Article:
It is not difficult to find oneself sympathising with this character. The state has pressed a self-destruct button and although he tries to keep level-headed, going to work and keeping to routines, he can not escape the knowledge that in the eyes of the law he is deemed  guilty. Its said Kafka did not finish the book and the end comes rather unexpectedly. Maybe that is why there seems to be a gap between the Cathedral  scene and his final demise. At the Cathedral he seemed to suggest to the priest he was going to fight to prove that he is not guilty. Yet when the two warders come to collect him and lead him to his death he does not protest. Joseph K ultimately dies at the hands of the state’s executioners. He accepts the inevitability of his death. Is this a final act to escape the nightmare or is it mere submission to authority yet again? At least the nightmare comes to an end.

The book seems to want to highlight the problems with bureaucracy. Even senior officials do not know the rules, they claim to work under. People who work in these bureaucracies might as well be robots. It also portrays the state as an organ that it can willy-nilly disregard the rights of  citizens. It is omnipresent and also destroys people’s lives. Kafka  also cleverly illustrates the human tendency to submit to authority. Even when the authority’s actions are questionable. However, one finds themselves wanting to support him, and or expose the state for what it is, a cold-hearted bully.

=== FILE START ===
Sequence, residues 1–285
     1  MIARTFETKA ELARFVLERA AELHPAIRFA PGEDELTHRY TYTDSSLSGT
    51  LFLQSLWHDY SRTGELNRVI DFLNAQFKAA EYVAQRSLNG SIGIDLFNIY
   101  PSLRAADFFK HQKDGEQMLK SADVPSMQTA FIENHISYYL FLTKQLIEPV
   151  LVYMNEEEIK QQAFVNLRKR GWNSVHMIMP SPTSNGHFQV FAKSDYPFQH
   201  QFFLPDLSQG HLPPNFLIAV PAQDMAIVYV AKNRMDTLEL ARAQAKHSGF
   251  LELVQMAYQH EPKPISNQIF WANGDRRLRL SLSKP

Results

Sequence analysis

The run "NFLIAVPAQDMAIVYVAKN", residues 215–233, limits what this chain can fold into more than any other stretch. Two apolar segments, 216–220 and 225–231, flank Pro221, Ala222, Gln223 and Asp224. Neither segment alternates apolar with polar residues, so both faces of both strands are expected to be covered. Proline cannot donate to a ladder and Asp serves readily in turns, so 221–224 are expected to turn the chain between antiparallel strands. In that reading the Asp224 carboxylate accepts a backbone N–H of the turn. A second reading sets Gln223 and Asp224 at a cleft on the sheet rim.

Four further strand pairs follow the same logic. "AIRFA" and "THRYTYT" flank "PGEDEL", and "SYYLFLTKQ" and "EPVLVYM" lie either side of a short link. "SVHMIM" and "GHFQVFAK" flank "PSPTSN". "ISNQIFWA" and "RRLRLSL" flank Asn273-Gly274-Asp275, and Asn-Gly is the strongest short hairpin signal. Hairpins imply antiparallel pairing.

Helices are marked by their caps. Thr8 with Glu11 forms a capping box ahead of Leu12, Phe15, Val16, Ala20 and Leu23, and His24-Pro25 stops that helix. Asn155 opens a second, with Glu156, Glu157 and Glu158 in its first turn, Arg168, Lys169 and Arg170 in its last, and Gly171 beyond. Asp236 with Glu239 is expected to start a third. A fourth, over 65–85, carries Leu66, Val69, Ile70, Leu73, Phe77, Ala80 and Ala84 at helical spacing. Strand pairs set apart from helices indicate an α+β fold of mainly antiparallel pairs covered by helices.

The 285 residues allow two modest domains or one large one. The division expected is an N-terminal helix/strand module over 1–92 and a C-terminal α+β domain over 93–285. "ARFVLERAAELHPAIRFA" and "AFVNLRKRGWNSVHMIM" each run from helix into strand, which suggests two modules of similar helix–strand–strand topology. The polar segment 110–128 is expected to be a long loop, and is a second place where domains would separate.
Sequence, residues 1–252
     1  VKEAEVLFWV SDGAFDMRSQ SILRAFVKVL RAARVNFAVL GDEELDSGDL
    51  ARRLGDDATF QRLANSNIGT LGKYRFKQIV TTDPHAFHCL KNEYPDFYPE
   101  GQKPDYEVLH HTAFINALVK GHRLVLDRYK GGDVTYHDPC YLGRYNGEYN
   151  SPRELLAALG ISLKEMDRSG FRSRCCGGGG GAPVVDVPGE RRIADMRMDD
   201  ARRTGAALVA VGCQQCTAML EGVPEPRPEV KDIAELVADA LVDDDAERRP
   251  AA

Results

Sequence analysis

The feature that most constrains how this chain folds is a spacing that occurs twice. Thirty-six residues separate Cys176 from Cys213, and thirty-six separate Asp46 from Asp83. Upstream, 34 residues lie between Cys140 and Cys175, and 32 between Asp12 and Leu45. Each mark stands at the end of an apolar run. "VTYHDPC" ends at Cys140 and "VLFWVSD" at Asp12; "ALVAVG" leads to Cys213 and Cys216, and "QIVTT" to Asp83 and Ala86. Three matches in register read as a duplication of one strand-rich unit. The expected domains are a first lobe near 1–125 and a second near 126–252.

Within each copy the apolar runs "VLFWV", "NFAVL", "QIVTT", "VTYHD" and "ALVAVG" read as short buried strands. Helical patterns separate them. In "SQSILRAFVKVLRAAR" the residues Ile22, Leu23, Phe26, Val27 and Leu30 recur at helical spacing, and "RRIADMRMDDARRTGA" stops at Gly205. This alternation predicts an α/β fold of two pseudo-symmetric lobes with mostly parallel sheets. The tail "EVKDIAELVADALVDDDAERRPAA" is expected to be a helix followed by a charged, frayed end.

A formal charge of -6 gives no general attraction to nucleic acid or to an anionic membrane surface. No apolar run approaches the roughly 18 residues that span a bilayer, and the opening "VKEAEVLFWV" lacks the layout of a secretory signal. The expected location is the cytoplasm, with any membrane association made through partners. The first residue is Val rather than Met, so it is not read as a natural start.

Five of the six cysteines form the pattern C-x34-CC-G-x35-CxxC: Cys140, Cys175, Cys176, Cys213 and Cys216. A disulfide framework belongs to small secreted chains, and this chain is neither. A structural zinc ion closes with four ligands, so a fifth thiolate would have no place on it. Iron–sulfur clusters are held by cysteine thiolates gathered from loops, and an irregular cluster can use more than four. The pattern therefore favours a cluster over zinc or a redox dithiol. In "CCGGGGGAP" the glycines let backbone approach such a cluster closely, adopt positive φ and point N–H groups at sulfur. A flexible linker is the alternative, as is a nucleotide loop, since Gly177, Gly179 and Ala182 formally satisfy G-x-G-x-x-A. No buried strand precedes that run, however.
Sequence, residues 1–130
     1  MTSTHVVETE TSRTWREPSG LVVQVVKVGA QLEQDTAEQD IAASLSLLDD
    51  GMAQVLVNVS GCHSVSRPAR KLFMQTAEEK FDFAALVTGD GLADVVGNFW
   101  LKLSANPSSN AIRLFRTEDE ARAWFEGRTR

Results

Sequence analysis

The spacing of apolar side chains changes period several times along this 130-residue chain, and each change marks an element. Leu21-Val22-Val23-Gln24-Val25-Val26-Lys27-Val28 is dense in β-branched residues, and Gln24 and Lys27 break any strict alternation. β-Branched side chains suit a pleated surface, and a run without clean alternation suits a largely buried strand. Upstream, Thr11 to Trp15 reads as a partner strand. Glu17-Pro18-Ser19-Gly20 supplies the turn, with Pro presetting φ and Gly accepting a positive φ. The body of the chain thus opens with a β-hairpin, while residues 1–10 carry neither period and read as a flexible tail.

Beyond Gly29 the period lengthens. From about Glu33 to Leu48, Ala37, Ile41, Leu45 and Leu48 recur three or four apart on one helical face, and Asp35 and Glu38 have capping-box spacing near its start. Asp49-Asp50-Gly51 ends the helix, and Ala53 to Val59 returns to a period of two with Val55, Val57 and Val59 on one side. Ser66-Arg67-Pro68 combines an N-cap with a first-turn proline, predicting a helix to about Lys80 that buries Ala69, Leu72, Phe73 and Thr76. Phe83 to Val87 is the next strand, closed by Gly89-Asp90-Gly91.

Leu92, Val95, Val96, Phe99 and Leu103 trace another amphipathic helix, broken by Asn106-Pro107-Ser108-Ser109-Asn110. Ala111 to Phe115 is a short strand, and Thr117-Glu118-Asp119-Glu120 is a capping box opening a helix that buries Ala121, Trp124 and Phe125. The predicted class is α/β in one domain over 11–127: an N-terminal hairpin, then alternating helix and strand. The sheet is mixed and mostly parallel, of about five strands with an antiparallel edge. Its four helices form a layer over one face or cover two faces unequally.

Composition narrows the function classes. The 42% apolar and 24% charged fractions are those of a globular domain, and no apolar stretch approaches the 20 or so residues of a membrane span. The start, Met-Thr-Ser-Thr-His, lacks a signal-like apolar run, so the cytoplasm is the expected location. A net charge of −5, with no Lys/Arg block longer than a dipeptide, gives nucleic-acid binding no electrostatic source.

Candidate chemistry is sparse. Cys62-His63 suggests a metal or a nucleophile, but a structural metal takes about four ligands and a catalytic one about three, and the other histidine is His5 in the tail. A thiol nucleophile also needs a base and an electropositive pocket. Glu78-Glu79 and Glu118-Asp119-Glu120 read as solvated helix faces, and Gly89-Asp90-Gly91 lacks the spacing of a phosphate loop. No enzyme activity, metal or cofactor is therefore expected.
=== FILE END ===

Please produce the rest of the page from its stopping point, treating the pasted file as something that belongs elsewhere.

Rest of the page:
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Hamlet:
To be, or not to be, that is the question:
Whether ’tis nobler in the mind to suffer
The slings and arrows of outrageous fortune,
Or to take arms against a sea of troubles
And by opposing end them. To die—to sleep,
No more; and by a sleep to say we end
The heart-ache and the thousand natural shocks
That flesh is heir to: ’tis a consummation
Devoutly to be wish’d. To die, to sleep;
To sleep, perchance to dream—ay, there’s the rub:
For in that sleep of death what dreams may come,
When we have shuffled off this mortal coil,
Must give us pause—there’s the respect
That makes calamity of so long life.
For who would bear the whips and scorns of time,